Highlighting flesh… in 6mm?

Yes, I know I said I was going to move on to the clothing, but when I decided to grab an hour this evening to move things a bit further forward, I picked up the first strip and thought, “hmmm, I wonder…”

So, this is one of those little detours that could have proved fruitless in this scale, but I’m in the mood to experiment, and since this is the only time I’m ever going to be painting Greek and Persian armies in this diminutive size, I might as well make the effort to make them as good as I can make them.

To begin with, let me say that this is where mounting the figures on wooden strips and working in production-line method pays dividends. Highlighting at this scale needs a steady hand, calm breathing and often constitutes the merest touch of the brush tip on the figure. Practice makes perfect, and having gone boggle-eyed on the first few, I was dabbing at speed by the last, taking only a second or two per figure.

Making use of the table edge for stability

In this first picture you can see the tremendous benefits afforded by mounting thse tiny critters on a strip of wood. When it comes to highlighting, we are generally talking about the merest touch of the tip of a size 1 or 0 brush on the figure, so a steady hand and calm breathing are imperative! Here, you can see that I’m minimising hand and brush shake by using the edge of the table as a support, with the light from the anglepoise coming from above and to the left front. Another anglepoise is directed from the right rear.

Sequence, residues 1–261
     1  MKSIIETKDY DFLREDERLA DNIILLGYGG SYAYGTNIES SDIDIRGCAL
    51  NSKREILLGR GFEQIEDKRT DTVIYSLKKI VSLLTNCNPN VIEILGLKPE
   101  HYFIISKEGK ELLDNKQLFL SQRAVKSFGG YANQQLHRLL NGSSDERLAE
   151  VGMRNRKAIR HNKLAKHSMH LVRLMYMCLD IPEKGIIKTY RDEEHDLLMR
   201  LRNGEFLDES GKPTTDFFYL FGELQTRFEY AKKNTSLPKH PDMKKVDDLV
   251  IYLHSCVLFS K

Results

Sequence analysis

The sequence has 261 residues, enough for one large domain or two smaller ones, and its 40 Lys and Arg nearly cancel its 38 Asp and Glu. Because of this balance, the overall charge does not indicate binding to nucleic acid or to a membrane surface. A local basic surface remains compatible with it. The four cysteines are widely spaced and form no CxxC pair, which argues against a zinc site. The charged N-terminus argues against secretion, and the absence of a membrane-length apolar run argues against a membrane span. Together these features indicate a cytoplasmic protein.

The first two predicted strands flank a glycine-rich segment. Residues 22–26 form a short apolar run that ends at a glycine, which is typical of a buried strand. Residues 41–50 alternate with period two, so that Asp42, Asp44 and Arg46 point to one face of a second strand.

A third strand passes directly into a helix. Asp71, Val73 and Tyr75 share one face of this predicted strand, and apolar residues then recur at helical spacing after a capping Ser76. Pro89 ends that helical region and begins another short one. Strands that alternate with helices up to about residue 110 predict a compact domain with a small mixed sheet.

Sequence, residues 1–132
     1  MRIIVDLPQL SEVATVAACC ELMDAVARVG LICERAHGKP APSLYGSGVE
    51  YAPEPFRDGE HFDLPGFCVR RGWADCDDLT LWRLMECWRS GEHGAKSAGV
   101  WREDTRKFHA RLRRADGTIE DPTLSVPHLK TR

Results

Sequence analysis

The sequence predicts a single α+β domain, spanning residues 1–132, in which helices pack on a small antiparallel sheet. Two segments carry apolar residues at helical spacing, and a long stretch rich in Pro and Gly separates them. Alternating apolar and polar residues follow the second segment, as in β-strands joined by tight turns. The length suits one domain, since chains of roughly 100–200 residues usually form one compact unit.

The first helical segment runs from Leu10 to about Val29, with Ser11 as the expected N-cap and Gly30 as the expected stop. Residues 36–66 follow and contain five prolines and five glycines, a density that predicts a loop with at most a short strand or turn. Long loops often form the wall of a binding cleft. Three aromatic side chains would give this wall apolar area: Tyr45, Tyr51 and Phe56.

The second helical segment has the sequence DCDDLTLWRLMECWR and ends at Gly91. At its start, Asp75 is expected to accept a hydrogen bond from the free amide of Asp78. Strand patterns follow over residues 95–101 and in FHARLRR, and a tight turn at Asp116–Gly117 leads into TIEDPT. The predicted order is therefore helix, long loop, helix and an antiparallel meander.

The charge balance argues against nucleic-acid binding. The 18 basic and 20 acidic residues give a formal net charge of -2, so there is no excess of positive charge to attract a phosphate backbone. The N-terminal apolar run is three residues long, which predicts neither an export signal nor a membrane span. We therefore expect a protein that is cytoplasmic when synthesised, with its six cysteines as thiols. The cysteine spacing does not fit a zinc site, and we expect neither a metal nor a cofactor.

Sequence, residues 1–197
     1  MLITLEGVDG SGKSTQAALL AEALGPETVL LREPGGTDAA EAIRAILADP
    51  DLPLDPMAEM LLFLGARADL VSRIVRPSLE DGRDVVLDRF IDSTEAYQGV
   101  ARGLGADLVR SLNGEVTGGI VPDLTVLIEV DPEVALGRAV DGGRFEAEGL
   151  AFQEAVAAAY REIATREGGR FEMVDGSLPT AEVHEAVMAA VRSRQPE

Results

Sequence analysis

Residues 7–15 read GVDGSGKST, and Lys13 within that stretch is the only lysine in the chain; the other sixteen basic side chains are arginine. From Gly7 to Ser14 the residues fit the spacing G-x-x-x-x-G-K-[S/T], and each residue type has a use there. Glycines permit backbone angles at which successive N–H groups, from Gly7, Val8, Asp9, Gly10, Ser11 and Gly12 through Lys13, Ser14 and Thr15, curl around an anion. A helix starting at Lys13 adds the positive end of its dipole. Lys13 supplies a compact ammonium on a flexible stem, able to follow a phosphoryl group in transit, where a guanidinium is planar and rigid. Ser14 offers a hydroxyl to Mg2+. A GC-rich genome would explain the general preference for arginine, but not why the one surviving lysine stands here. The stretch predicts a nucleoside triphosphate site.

Another variation, adjusting the angle of the strip of figures

The second picture is very similar to the first, but shows how different areas of the figures can be accessed by a simple rotation and tilting of the strip of wood, leaving the brush hand in the same, comfortable and stable position. Oh, and in case you’re wondering, the colour I’m using is Citadel/GW’s Elf Flesh, diluted about 50/50. I’m simply running the brush along the upper surfaces of arms that would be lit by sunlight from above, putting a wee dab on shoulders, thighs, calf muscles and so on. For faces, where I can identify a nose or forehead, that gets a dab too. Do not get stressed about accidents: “paint the unit, not the man”!

Can you tell what it is yet? the hoplites from behind.

Here you can see the finished results, with the hoplites closest to the camera. Yes, okay, okay, it’s subtle, but when you consider how tiny these fellers are, I’m pretty gobsmacked that it’s worked at all, but there is undeniably a shading effect happening here, and my Athenian and Theban finest are coming to life. When I start on the Persians, I’m making a ‘note to self’ about trying a slightly different flesh tone to reflect the different origins of the men who served the King of Kings.

Stunning flesh rendition on Greek archers

And finally, a macro close-up showing the archers closest to the camera, and the effect of brushing along the uppermost surfaces of the flesh clearly visible. As to whether it’s been worth it – we’ll have to wait and see, won’t we? But since this little exercise took less than an hour, I’m happy. In essence, of course, it’s the Dallimore two-colour method writ small. Umm, make that “very small”.